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Amarillo citizens turn in petition to advance Sanctuary City for the Unborn ordinance

Last week, Amarillo residents turned in signatures through a citizen initiative to advance a Sanctuary City for the Unborn ordinance.

On Thursday, April 25, the Amarillo Sanctuary City for the Unborn Ordinance Initiating Committee brought petitions with 10,322 signatures to the city secretary. The group began gathering petition signatures on December 29.

To be successful, the citizens must present signatures representing not less than 5 percent — or 5,761— of registered voters who are Amarillo residents.

Robin Ross helped gather and verify petition signatures. She said that the group was able to validate at least 7,417 of the signatures based on voter roll information.

A valid citizen initiative petition forces the city council to vote on the ordinance, Sanctuary City for the Unborn Initiative founder Mark Lee Dickson said of the process. If they don’t pass it, then it will go to the voters in November.

Ross hopes the city council will see the support within the city and vote to adopt the ordinance. She said she’s not afraid of a ballot vote in November but wants the protections for the unborn to be in place as soon as possible. Lubbock residents voted to adopt a Sanctuary City for the Unborn ordinance in 2021.

The ordinance effort is personal for Ross, who said she is the survivor of her mother’s failed abortion attempt. She said her faith as a Christian also propels her to be involved because she believes “abortion is murder.”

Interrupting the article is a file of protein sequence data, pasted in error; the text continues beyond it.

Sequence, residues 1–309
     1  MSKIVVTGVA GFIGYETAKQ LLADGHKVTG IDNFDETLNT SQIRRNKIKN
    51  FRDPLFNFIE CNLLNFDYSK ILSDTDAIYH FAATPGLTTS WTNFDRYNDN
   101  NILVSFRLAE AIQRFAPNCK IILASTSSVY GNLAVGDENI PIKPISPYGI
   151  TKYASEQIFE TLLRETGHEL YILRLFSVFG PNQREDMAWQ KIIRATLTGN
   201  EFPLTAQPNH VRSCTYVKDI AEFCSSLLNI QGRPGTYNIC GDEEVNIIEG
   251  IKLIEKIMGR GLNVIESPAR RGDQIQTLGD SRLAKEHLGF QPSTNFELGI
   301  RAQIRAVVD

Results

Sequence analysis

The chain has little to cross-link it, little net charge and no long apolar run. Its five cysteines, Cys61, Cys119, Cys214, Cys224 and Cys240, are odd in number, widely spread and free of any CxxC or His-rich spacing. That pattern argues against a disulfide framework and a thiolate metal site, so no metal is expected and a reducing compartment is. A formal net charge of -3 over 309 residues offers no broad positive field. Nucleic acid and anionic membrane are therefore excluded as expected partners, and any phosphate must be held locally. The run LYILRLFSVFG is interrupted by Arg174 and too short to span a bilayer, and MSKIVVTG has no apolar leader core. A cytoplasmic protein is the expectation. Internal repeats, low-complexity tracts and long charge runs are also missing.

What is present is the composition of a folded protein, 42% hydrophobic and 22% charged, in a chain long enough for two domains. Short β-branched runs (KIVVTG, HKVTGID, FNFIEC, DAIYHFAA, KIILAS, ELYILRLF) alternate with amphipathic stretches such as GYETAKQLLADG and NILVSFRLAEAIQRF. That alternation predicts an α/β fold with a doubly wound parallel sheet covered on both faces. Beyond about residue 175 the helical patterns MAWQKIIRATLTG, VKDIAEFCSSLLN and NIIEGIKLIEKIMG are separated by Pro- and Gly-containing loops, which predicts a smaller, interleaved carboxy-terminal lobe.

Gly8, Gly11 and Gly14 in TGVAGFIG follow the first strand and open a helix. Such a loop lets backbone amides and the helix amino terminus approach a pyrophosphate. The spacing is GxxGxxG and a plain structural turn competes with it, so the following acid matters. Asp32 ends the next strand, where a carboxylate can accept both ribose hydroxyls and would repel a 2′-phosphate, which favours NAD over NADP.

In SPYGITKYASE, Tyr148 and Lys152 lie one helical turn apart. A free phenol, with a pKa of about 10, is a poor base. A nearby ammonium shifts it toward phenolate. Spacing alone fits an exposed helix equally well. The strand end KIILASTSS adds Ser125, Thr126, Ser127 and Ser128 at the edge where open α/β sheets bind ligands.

Even though Texas has the Heartbeat Act and other laws in place that prevent abortion, Ross believes the proposed ordinance fills gaps regarding abortion trafficking and the handling of fetal remains.

It not only outlaws abortion in Amarillo but also makes aiding and abetting an elective abortion unlawful.

The proposal would also outlaw abortion trafficking, stating, “[I]t shall be unlawful for any person to knowingly transport any individual for the purpose of providing or obtaining an elective abortion, regardless of where the elective abortion will occur.”

Supporters of the Sanctuary City for the Unborn ordinance have also expressed concern that healthcare waste management company BioCycle may be participating in the disposal of fetal remains from abortions that take place outside of Texas.

The ordinance addresses this by making it unlawful for any person “to transport the remains of an unborn child who was killed by an elective abortion from any abortion provider into the city of Amarillo, or to dispose of such remains from any abortion provider within the city of Amarillo.”

Similar to the Heartbeat Act, the proposed Amarillo ordinance contains a private enforcement mechanism that allows any person who is not an official or employee of the City of Amarillo to bring a private cause of action for a violation of the ordinance, rather than requiring enforcement by government agents.

According to a letter accompanying the citizen petition delivered to Amarillo’s city secretary, Amarillo residents have been trying to get a Sanctuary City for the Unborn ordinance passed since 2021.

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